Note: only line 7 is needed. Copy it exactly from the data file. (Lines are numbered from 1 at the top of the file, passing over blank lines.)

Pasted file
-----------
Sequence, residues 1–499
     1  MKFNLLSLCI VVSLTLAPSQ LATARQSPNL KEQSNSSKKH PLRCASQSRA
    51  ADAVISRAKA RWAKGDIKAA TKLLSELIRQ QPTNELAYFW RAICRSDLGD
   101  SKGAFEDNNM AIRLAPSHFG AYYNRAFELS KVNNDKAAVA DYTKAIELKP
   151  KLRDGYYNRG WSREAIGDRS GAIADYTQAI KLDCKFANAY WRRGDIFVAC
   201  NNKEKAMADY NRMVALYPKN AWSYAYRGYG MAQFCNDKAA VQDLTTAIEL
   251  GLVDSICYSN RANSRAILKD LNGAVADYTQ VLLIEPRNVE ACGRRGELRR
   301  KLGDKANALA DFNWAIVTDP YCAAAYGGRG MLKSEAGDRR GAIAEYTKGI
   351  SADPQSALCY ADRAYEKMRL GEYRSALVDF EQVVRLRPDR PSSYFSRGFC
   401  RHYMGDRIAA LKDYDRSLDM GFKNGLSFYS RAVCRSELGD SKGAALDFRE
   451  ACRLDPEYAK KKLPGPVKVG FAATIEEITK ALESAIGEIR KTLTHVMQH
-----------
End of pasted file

   251  GLVDSICYSN RANSRAILKD LNGAVADYTQ VLLIEPRNVE ACGRRGELRR